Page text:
“Big” is the watchword for the National Retail Federation’s 102nd Annual Conference, which began Sunday and runs through Wednesday at the Jacob K. Javits Convention Center in New York.
The conference, of course, is held every year in January in the Big Apple. (A very balmy Big Apple for this time of year.) The NRF calls this “Retail’s Big Show,” which is fitting when you consider the wide swaths of technology vendors (big and small) lining the exhibit area and the countless educational sessions. But most of all, practically everywhere you turn, are mentions of Big Data. Not everyone is entirely sure what Big Data is, except that it is very, very big, and its impact will also be considerable.
In retail, Big Data seems to be focused on information about consumers, especially what they buy. Retailers, of course, have been collecting transaction data for a long time, really since the 1980s as scanning became mainstream and loyalty cards were introduced. But now that data is being massively augmented by all of the data trails consumers are leaving online in their web interactions and social media postings, not to mention what they are saying and doing with their smartphones. All of this new data may offer some terrificopportunities for retailers, unless they overly intrude on consumer privacy, which would be a big mistake.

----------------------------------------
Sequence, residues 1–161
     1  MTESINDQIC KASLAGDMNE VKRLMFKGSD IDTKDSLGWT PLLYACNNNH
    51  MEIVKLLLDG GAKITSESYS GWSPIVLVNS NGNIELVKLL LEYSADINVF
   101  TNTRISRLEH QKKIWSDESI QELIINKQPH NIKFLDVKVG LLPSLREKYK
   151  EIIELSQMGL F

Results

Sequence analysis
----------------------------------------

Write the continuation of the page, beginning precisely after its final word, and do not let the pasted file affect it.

But retailers are clearly relying on data more than ever, and a few retailers speaking at the NRF Conference on Monday made that point. Both Jason Benish, vice president, pricing & strategic initiatives, Roundy's Supermarkets, and Nirup Krishnamurthy, chief information officer for A&P, stressed that their companies are making important business decisions based on facts -- not gut intuition or because that’s the way something has always been done.
And of course, mobile technology is also evident everywhere at the NRF Conference. Motorola and NCR both have new mobile apps that allow shoppers to make lists and scan items in the store; Woodman’s Food Markets, Janesville, Wis., launched NCR’s app this month at one store. Beverages and More (BevMo!), which operates 130 stores in the West, will be testing an app that allows shoppers to redeem mobile coupons at the POS. Motorola was also showing a POS imaging scanner that can scan coupons on a mobile phone. And the mobile payment programs, such as Isis and MCX, were out in force.
I think we can all say this about mobile in retail – it’s very, very big.